This has, somehow, bugged me for a while. Why didn't they include a Deacon song in the setlist when they did Live Aid? I Want To Break Free was a big hit in the previous year, for example. Or Another One Bites The Dust could have been played instead of CLTCL. I guess they added Hammer to Fall because the set 'needed' a rocker.
I think John was too modest to even bring this up.
I think they were very aware that they were being broadcast globally and maybe Break Free wouldn't have been the best thing for the America audience.
I think they struck a clever balance of old a classic, Bo Rhap, crowd pleasing up to date album hit Radio GaGa a rocker which was also from the current album Hammr To Fall (a reminder of there roots) "Crazy" big hit and huge in the states, maybe they could have played Bites The Dust instead, another huge hit but in a short set maybe CLTCL worked better. Then the two stadium sing along classics.
They squeezed what felt like a real Queen set into 20 mins, even including a Freddie sing along. It would be hard to imagine anything working better despite what we might have personally wanted to here.
I think John, like the rest, could argue his point if he felt justified. Maybe he felt they had the right songs for the gig too.
To me the only other song they could've performed was Under Pressure (and possibly with David Bowie though he didn't like the song for a few years).
Another One Bites The Dust and I Want To Break Free are inappropriate for different reasons (the lyrics for the first and the second for its acception in certain countries).
The only other big songs they could've performed (judging by The Works tour setlist) are Killer Queen, Somebody To Love and It's A Hard Life though the first two were part of a medley at this point so would not work - you'd have to split Bohemian Rhapsody and Radio Ga Ga but these two songs work really well together and the latter is a hard song for Freddie to sing (especially when his doctor advised him not to sing at the concert). Also would Freddie want to play a song which would mean him singing from a piano for most of a song? Probably not.
Having a rocker in the setlist is extremely important for Queen as they are a "rock" band. The only other credible song in my opinion is Now I'm Here but because that song isn't as well known as Hammer To Fall. Despite Hammer To Fall a minor hit like Now I'm Here would've been more familiar with audiences as it would've been heared on radio playlists so more audience would recognise it.
In my humble opinion Queen had the best setlist as it had a bit of everything:
- Throwback/oldie song everybody knows and loves (Bohemian Rhapsody)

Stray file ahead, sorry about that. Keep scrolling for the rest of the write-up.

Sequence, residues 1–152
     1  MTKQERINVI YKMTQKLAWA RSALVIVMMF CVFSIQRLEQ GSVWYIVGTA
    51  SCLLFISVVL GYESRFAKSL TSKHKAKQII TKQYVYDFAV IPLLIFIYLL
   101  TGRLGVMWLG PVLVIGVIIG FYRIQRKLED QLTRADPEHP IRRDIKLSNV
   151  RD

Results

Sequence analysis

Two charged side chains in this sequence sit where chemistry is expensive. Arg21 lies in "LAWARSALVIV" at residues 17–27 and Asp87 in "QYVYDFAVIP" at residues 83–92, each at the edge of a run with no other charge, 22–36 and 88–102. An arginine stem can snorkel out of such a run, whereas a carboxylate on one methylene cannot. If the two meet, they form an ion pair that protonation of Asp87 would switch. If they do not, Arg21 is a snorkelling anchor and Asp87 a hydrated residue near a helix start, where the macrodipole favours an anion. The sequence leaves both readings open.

- Audience participation (Radio Ga Ga, We Will Rock You and We Are The Champions)
- A heavy rocker (Hammer To Fall)
- A familiar hit song always on the radio and fun live (Crazy Little Thing Called Love)
To me the most important thing about a show like Live Aid is audience participation something which will entertain audiences on a global song. And Queen had that in three of the six songs. A power ballad in English would not have the same effect in somewhere like Turkey or India.
P.S. it would've been nice to hear Queen sing Under Pressure with David Bowie - the only likely change this would have ever happened.
Hammer to fall is very cold war song. Also it is antinuclear song. It is the hard rocker for the set list. I really enjoyed it.
Yeah. It's just kinda repetitive
I REALLY enjoyed the version BM did with Paul Rodgers...the slow build made it a bit stronger for me for some reason beyond novelty.
But yeah. I was just jabbing that in the film everybody's singing along (horse shit, right? )
The live aid set list was basically the ending of the live show they toured for The Works
They knew beforehand that they worked together and how to impress!
That's what I thought with The Magic Tour, all six Live Aid songs were performed within the last seven songs in the Magic Tour shows (three of them main set closers and the other three encore numbers).
People should stop analysing these songs and just enjoy the music and the mind blowing performance from the band and Freddie.
It was "Live Aid" and was a chance for the band to show how professional and versatile they were to the world.
Not even was there no Deacon song in the Live Aid setlist, THE MAN himself wasn’t even present there. It is rumoured that the bassist during Queens set on Live aid was a try-out version of the inflatable John Deacon doll, that was a year later used during the Magic Tour of 1986.